The nonphysician clinician–scientist entering a joint appointment between two organizations must negotiate a realistic plan to “marry” the two positions and the organizational expectations. The trainee needs to be able to articulate the proposed balance of being a competitive researcher and an effective clinician. This requires an understanding and clarity about both the systems in which the positions operate and the role as a clinical scientist.
Negotiation for protected research time is a critical part of this process, involving a reasonable split of research time to clinical work and/or teaching10—ideally, 75:25. Competitive salary support that adequately compensates for both clinical and research activities needs to be negotiated, possibly including seed funding for the first year(s) to enable a program of research to be established while operating grant applications are in development and adjudication. It is critical that relevant evaluation criteria be established for annual reviews to ensure that the new clinician–scientist is judged according to appropriate criteria and not as a full-time clinician or researcher. The trainee should review a copy of the department’s requirements for tenure and promotion and discuss these with the potential employer in negotiating for protected research time. In a developing role such as the nonphysician clinician–scientist, it is especially important to document job responsibilities, proportion of time allocated to research and clinical/teaching responsibilities, salary, criteria for evaluation, and opportunities for mentorship from senior faculty.11
Finding the right fit
When considering career opportunities, it is important for the trainee to ensure that the position fits with his or her career and life goals. There is a big difference between being sought after for a position and actually wanting to do the work involved.12 The position has to be congruent with the trainee’s vision of his or her career path and research goals. Accepting a position that fails to demonstrate this congruency is likely to result in dissatisfaction for both the trainee and the organization. Some strategic tips for negotiating a position and finding the right fit can be found in List 1.
Who Can Guide the Way?
Mentorship is critical
Given that the nonphysician clinician–scientist is a developing role with no clear guidelines for career development, mentorship is a critical component of a successful transition from trainee to career and can lead to higher professional achievement and career satisfaction.13,14 The fluidity and flexibility of the clinician–scientist role means that these individuals may have more choices about how to spend their time than in the “typical” career. Making such decisions requires experience and judgment about consequences that the trainee may not possess, making guidance from an experienced mentor all the more important.15 The positive impact and particular characteristics that distinguish a good mentor have been well summarized in a systematic review by Sambunjak and colleagues.16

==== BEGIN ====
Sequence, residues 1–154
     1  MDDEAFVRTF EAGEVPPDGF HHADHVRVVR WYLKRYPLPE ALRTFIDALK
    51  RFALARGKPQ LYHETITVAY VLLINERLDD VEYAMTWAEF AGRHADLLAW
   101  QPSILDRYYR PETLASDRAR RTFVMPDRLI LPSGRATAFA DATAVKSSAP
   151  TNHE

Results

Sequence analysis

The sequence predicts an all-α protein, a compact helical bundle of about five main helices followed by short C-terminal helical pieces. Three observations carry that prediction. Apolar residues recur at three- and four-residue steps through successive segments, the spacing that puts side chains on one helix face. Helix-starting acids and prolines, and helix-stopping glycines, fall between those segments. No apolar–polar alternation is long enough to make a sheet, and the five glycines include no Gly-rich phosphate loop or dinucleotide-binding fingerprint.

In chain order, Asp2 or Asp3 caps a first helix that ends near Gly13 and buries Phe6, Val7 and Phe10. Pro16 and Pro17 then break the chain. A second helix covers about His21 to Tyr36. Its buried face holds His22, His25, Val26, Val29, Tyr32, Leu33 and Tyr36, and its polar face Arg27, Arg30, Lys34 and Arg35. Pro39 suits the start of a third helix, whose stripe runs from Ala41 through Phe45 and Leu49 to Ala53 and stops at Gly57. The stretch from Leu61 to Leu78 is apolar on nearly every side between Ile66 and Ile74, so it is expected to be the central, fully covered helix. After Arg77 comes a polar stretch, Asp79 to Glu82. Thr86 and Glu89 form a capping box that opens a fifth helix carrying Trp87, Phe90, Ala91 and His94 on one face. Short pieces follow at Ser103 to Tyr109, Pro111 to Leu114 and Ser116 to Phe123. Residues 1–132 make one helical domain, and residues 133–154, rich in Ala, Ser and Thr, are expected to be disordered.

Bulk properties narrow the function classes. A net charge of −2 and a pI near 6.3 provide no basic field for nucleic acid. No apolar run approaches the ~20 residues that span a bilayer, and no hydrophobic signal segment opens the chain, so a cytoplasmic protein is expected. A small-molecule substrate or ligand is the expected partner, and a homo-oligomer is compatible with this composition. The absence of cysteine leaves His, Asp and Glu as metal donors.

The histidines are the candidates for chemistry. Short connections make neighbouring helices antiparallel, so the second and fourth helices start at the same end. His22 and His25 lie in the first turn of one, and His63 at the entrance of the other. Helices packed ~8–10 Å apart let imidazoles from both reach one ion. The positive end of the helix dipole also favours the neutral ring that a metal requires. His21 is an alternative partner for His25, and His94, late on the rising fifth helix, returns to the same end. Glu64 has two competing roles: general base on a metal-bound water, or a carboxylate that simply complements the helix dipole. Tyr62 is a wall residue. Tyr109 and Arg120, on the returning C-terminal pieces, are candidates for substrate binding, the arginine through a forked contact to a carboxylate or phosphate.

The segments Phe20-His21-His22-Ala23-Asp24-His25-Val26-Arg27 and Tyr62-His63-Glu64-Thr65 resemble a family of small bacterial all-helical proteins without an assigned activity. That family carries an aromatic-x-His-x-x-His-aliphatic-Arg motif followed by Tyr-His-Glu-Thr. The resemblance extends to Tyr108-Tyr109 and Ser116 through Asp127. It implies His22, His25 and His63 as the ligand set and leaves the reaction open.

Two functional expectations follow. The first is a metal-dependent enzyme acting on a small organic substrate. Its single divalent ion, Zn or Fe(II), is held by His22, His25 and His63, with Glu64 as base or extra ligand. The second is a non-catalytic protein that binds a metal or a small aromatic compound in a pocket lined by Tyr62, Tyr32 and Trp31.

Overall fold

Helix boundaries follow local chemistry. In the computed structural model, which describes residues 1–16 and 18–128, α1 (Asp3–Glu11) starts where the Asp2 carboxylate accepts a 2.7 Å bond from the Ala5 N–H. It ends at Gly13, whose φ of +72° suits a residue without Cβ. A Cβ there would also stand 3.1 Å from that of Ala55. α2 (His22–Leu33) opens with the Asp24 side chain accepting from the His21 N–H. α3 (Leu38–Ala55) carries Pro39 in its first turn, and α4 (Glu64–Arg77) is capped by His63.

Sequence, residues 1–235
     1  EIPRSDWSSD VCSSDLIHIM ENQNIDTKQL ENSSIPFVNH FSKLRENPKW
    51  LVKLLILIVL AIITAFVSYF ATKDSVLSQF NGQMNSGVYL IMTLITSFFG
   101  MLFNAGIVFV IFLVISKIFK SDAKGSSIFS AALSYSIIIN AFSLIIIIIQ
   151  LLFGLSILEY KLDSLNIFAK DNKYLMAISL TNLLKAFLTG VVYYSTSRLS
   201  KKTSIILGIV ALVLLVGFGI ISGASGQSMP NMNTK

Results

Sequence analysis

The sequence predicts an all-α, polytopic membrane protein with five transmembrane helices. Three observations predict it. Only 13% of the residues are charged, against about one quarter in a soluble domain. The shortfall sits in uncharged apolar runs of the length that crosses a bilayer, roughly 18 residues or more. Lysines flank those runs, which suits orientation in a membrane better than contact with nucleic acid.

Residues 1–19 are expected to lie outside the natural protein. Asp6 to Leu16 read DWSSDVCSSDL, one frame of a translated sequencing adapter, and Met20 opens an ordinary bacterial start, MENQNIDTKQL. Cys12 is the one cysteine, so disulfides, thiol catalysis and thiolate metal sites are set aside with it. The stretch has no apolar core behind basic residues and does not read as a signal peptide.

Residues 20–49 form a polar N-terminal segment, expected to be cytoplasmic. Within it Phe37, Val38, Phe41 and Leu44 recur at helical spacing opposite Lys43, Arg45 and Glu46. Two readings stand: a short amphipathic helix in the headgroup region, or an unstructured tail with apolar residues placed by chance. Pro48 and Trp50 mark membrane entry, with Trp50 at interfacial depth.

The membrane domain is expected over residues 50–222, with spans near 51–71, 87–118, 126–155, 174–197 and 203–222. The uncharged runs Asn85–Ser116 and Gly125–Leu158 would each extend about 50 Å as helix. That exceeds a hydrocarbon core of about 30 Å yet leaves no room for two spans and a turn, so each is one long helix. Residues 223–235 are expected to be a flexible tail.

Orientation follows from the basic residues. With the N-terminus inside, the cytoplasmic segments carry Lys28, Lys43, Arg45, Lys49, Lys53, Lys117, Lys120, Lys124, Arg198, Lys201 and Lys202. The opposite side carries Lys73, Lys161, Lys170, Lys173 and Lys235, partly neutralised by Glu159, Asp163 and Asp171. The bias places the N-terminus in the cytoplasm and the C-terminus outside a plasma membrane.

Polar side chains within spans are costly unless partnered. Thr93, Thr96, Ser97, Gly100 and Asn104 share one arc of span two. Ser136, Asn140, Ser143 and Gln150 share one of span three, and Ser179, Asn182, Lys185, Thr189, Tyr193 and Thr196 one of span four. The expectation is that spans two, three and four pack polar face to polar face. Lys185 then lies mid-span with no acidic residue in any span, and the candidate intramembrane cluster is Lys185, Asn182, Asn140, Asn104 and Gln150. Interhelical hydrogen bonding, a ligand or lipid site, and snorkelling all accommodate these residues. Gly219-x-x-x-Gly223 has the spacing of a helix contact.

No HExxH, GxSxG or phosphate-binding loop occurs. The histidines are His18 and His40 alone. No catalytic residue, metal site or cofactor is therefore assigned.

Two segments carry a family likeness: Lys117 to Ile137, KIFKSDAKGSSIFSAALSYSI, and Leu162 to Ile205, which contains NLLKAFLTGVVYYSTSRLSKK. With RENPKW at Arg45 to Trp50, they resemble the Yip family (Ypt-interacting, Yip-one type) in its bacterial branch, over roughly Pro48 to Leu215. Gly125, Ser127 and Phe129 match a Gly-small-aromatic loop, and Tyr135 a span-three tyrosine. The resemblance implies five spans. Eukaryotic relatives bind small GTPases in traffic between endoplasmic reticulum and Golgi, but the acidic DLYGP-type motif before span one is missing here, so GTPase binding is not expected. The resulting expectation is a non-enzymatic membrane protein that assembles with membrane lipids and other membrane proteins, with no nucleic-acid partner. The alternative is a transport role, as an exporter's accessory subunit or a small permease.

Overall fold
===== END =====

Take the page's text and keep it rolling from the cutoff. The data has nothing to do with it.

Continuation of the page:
Mentors are scarce
A unique challenge for trainees embarking on careers as nonphysician clinician–scientists is that the scarcity of these positions leads to a corresponding scarcity of mentors.2 At the same time, the lack of colleagues in comparable roles increases the professional isolation,7 making mentorship even more critical. This dilemma necessitates some creativity on the part of the trainee seeking a mentor. One option is to build a team of mentors to meet the trainee’s needs, such as having a content (or scientific) mentor and a process (or academic) mentor.15 The content mentor should be a senior scientist in the trainee’s research field, but not necessarily in the trainee’s academic or clinical discipline, who can provide guidance on research-specific issues. This mentor may or may not be located at the same institution as the trainee. The process mentor should be a senior scientist in the trainee’s home department, who does not necessarily need to be focused in the same content area.16,17 This individual should have similar disposition, strengths, weaknesses, and family responsibilities as the trainee, providing career wisdom and advice, such as guidance on tenure, promotion, and local politics, more than any specific scientific content or techniques.18 Ideally, the process mentor would be a clinician–scientist, thus possessing expertise on bridging the clinical and research fields, having navigated the path him- or herself. Useful tips for choosing a mentor are in List 2.
How to Effectively Manage Time
For clinician–scientists to succeed, they must remain active and competent in the clinical arena while meeting the requirements of academic advancement—namely, research, education, and service.8 Typically, the nonphysician clinician–scientist has a higher requirement for undergraduate and graduate teaching than his or her physician counterpart. Balancing these various job responsibilities necessitates highly effective strategies in time management, including balancing teaching and clinical assignments, setting priorities, saying “no” to avoidable time drains, and protecting writing time.
Teaching and clinical commitments